After a fairly substantial ‘sneak preview’ last week, we finally got to see the first full manifesto of the General Election campaign today with Labour’s For the Many Not the Few published in the heartland seat of Bradford.
By accident or design – conspiracy theorists suspect the latter – Labour have succeeded in getting two big days coverage from their manifesto, and today’s full publication reveals new policies that mysteriously weren’t in last week’s draft. We already knew they planned to nationalise the railways, and to introduce a public sector energy retailer, but today we also learn that water companies are up for nationalisation too.
For the first time, we also know about Labour’s tax plans. There are higher taxes for companies paying staff over £250,000 per year, and increases in income tax for individuals earning over £80,000. The party is making much of the fact that 95% of voters aren’t affected by the increases, but that runs into two problems. A large number of people reasonably aspire to earn more than that in the future – and don’t want to be taxed to the nines when they get there. And whilst only 5% of voters earn that sum, 100% of newspaper editors, columnists, commentators and business leaders do. The coverage of the tax plans in the press will certainly reflect that small truth.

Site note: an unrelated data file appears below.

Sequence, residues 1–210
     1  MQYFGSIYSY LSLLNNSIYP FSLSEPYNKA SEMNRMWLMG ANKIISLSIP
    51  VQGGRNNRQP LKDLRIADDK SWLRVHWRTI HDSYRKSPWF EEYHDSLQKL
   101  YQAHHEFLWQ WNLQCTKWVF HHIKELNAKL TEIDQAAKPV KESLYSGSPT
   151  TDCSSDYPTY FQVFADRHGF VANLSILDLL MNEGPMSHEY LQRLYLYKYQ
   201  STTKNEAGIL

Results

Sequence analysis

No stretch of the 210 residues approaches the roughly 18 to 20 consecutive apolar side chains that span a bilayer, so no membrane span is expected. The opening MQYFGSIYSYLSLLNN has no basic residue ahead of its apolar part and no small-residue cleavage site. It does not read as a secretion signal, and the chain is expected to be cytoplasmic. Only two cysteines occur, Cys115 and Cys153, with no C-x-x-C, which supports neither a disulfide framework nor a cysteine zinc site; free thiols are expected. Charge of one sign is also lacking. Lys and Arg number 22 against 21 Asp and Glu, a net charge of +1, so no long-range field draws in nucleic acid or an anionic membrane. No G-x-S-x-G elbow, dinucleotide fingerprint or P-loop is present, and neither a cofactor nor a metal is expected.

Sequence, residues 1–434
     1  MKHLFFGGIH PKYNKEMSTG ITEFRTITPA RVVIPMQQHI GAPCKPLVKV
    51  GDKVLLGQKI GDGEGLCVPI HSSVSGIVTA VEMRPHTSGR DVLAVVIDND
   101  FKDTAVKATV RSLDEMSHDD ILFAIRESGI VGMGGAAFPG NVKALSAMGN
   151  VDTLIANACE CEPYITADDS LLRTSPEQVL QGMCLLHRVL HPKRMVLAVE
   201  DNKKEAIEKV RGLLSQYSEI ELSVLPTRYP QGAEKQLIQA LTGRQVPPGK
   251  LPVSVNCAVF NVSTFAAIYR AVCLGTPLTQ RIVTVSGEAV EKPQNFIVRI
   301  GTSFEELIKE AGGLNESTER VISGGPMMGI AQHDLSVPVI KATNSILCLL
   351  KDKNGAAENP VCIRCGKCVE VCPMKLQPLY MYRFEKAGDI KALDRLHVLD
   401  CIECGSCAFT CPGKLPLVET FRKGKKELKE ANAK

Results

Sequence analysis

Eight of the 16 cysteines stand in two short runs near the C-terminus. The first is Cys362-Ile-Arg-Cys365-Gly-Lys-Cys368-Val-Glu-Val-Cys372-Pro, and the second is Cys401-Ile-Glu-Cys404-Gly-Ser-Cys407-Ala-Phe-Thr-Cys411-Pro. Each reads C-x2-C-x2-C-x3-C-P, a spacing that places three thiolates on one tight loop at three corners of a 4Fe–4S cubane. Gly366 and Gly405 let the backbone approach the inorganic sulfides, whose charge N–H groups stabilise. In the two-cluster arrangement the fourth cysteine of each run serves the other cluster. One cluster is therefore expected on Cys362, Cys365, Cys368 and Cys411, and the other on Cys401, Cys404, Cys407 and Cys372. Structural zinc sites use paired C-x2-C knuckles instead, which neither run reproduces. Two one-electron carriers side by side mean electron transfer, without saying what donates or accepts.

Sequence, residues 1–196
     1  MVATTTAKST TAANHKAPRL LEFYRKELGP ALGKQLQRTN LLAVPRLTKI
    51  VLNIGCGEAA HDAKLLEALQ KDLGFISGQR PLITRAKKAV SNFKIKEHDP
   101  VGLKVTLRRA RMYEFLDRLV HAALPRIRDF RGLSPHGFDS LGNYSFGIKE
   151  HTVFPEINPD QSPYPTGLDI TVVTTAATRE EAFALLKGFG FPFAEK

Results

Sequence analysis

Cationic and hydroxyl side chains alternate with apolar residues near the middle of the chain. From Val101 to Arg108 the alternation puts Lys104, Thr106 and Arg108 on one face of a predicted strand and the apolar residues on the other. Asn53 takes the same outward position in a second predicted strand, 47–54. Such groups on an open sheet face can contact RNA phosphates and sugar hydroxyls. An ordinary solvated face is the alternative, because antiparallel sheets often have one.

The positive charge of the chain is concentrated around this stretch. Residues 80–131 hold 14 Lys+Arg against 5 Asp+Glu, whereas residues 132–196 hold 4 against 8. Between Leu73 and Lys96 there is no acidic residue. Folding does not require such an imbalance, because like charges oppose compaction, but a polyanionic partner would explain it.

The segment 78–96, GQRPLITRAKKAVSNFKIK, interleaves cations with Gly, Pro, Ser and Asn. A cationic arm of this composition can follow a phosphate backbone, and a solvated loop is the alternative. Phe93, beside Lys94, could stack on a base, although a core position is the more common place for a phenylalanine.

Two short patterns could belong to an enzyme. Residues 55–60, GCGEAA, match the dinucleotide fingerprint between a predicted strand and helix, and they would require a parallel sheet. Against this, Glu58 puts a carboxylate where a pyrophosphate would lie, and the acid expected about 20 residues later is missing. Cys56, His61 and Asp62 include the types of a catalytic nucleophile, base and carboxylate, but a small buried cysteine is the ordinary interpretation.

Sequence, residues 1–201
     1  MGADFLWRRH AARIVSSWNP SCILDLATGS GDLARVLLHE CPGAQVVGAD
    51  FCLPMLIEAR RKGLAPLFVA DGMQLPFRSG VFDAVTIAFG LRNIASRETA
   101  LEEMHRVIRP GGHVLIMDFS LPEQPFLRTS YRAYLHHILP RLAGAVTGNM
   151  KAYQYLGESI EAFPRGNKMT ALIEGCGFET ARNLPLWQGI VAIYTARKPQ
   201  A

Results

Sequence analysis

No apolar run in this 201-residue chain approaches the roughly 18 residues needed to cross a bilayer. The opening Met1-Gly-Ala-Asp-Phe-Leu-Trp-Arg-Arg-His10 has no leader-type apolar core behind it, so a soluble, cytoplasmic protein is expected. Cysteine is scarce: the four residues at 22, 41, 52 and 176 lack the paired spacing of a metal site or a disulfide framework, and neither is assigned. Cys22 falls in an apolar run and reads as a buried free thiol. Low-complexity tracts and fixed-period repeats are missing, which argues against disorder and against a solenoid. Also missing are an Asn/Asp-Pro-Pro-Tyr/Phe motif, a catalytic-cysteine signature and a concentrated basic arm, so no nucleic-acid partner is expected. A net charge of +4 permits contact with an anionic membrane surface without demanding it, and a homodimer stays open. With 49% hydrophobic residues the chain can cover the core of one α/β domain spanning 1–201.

Whilst there is no doubt that this is the most left-wing major party manifesto since the “longest suicide note in history” in 1983, mainstream Labour will be reassured that it doesn’t quite reach the extremes of Michael Foot’s effort. There is no promise to quit NATO or to give up our nuclear weapons, despite the widespread suspicion that Jeremy Corbyn would like to do both those things. As has been widely discussed (see The Only Polls that Matter), many of the domestic policies are individually popular. But parties arguing for them rarely gain power. Each menu item is popular but together it seems to make the voters a bit ill.
Tomorrow comes the Lib Dems chance to show us their menu, with the Conservatives following on Thursday. After then, what has been a largely sterile election campaign will – we hope – really kick into gear. It needs to if the public are to reach 8 June with any degree of enthusiasm.